Al Del Garbino will portray Gregory Gagarin at the Virginia Dare Apartments at 110 South McMorrine Street.
“He was an American of Russian descent,” said Berry. “He was the glue that held the project together.”
Berry said Gagarin acted as an interpreter, translating Russian and English for Project Zebra participants.
Phil McMullan will portray President Roosevelt at the Joseph W. Pool House at 813 W. Main Street.
“He will say why he chose Elizabeth City for Project Zebra,” said Berry.
Kent Luton will portray Joe Flickenger at Museum of the Albemarle.
“Joe was a local teacher who loved airplanes,” said Berry.
Flickenger also became a lifelong friend of Gagarin’s after Project Zebra.
At the John A. Kramer House at 313 West Main Street, Judi Stuart and Christina Shepard will portray fictional locals of the era who catch a glimpse of the Russian pilots shopping in downtown Elizabeth City. The skit is comedic, Berry said, because their characters see all these young pilots and “don’t know what to make of it because Project Zebra is top secret.”
Berry said from her research, many of the store shelves in Elizabeth City’s downtown during Project Zebra “were bare because the Russians were buying goods they could not get in Russia.”
At the Wiley M. Baxter House at 708 West Church Street, Izzy Kelly-Goss and Hunter Hewitt will portray two fictional teenagers who discuss their recent trip to the beach. Their characters will talk about how people at the beach were being asked to black out their windows and place tape over their car headlights so German submarines patrolling off the North Carolina coast couldn’t see the silhouettes of U.S. ships from light at the Outer Banks.
Andrew Nelson-Redondo will play Yuri Nabokov, a Russian pilot who recounts vivid and humorous details of his first trip to the beach at Kitty Hawk. Nelson-Redondo will be telling his character’s story at the Dr. Herbert White House at 500 West Main Street.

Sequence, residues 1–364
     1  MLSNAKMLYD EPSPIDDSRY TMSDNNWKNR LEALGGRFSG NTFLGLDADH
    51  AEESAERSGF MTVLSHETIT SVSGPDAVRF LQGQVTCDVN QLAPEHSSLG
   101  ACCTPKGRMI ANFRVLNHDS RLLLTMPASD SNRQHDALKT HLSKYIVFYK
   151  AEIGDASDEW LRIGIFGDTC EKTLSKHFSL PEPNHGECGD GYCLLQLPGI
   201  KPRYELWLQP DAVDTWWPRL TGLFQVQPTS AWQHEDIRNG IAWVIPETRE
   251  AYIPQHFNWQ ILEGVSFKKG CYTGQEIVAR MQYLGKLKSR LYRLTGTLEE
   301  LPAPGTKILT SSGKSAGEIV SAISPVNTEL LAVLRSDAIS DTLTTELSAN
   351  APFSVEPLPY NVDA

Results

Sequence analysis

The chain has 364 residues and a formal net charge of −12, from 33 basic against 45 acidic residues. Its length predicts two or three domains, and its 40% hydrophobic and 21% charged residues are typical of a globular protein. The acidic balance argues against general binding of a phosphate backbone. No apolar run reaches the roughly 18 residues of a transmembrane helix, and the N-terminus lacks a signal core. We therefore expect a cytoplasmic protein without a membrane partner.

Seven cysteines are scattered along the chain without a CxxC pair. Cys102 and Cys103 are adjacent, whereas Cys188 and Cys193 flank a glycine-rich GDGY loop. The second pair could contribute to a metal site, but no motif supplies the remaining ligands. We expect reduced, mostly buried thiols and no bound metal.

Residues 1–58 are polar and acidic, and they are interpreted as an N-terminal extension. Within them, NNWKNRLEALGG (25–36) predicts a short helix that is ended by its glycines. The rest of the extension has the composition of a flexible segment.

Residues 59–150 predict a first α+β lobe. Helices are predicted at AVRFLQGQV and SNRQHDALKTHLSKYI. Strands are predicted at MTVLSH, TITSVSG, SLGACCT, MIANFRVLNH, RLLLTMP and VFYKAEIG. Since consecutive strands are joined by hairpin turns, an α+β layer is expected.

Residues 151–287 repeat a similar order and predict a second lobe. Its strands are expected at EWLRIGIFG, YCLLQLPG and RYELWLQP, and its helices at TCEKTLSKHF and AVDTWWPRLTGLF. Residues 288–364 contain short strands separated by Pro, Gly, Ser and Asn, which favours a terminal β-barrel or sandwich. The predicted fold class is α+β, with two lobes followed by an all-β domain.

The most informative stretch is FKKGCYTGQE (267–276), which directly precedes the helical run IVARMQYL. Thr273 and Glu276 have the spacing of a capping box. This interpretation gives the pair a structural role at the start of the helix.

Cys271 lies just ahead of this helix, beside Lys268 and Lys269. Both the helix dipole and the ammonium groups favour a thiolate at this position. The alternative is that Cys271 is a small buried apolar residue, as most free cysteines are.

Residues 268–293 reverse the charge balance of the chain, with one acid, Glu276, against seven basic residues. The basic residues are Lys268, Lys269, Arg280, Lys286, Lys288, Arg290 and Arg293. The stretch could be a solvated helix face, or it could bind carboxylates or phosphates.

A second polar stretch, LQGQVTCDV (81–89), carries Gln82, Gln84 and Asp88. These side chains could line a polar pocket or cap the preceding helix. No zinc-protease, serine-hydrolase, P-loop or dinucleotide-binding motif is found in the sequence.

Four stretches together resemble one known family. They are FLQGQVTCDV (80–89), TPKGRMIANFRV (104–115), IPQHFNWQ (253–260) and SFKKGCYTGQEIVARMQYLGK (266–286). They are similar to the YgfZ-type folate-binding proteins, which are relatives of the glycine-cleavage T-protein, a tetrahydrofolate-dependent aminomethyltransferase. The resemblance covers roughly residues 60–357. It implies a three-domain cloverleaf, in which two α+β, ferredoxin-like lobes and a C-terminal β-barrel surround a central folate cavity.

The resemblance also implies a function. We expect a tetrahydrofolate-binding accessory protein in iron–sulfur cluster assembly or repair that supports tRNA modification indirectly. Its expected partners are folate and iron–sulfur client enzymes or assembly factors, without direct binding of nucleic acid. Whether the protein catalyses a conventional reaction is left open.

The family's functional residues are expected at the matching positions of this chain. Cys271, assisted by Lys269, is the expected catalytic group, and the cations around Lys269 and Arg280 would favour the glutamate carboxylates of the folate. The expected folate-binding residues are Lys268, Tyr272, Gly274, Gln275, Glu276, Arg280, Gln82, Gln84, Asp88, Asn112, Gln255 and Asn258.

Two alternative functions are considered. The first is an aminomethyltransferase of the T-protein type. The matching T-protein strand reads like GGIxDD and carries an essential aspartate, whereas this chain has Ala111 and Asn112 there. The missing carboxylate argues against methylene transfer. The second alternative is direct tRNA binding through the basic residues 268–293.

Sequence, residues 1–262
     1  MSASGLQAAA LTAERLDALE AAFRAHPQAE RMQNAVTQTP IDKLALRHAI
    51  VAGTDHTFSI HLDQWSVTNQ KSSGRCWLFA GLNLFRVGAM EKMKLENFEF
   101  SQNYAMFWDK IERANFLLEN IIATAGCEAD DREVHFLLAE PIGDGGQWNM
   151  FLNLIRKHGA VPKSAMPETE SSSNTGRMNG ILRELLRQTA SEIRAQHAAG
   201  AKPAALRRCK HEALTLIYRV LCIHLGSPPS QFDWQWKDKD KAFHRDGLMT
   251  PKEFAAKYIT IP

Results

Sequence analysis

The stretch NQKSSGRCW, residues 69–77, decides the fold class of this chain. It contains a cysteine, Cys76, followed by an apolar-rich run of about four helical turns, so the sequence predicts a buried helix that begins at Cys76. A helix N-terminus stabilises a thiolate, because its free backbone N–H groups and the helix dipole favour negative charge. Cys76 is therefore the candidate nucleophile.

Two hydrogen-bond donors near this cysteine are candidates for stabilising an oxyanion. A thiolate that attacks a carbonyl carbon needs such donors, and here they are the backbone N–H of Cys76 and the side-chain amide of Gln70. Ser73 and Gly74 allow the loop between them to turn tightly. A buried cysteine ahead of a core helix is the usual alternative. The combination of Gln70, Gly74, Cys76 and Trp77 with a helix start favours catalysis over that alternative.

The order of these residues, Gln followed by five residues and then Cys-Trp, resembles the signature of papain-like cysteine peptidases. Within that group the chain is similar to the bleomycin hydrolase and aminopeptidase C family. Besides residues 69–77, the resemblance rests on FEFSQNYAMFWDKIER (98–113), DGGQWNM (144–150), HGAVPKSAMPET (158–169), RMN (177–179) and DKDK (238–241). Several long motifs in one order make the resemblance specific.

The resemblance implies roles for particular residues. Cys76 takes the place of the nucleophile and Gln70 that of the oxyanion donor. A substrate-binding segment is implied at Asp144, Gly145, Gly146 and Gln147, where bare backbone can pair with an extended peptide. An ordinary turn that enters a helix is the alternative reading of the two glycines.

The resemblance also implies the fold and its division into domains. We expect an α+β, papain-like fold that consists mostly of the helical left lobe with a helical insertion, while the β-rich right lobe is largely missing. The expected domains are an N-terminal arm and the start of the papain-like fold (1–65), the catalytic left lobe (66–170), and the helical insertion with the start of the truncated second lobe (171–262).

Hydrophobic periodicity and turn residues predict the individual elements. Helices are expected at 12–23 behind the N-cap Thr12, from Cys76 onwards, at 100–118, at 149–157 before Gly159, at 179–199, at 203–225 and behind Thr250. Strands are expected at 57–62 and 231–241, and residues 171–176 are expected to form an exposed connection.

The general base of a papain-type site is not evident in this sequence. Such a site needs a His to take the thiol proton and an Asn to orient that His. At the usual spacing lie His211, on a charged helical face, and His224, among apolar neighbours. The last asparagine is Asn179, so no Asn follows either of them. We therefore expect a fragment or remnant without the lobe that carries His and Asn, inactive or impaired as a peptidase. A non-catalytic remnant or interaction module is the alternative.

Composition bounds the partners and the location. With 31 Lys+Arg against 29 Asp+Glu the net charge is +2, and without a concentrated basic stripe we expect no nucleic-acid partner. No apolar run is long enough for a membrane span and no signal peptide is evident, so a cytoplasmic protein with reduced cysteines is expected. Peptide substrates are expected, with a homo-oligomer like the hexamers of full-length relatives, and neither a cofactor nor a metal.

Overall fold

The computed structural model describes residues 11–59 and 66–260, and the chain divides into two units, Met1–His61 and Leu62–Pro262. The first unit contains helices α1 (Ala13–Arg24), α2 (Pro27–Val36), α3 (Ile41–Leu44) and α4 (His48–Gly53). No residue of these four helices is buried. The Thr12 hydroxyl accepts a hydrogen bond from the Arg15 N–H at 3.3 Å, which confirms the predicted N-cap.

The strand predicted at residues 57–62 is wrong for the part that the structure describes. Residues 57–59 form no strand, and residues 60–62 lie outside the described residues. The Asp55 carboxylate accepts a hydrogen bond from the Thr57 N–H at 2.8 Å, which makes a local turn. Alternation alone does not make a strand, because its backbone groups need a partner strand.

Ghost Walk will also feature a musical USO show at Arts of the Albemarle’s Maguire Theatre, which will again serve as Ghost Walk headquarters. Live stage show times will be at 6 p.m., 7 p.m., 8 p.m. and 9 p.m. Ghost Walk attendees can also pick up a complimentary bus pass at the theater for free transportation to all eight venues.
Berry said she enjoys writing the scripts for Ghost Walk.
“I just love to bring Elizabeth City’s history alive,” she said. “I learn so much with every theme. I really enjoy doing the research.”
Berry hopes attendees enjoy this year’s Ghost Walk, and she wants people to understand that the annual event it is not “scary.”
“Some people hear the word ‘ghost’ and they think ‘spooky,’ but it is living history,” she said.
Tickets for the Historic Ghost Walk are available at Arts of the Albemarle, Page After Page, The Shoppes at Kenyon Bailey and Muddy Waters Coffeehouse. Tickets are $15, $12.00 for military personnel and children 12 and younger.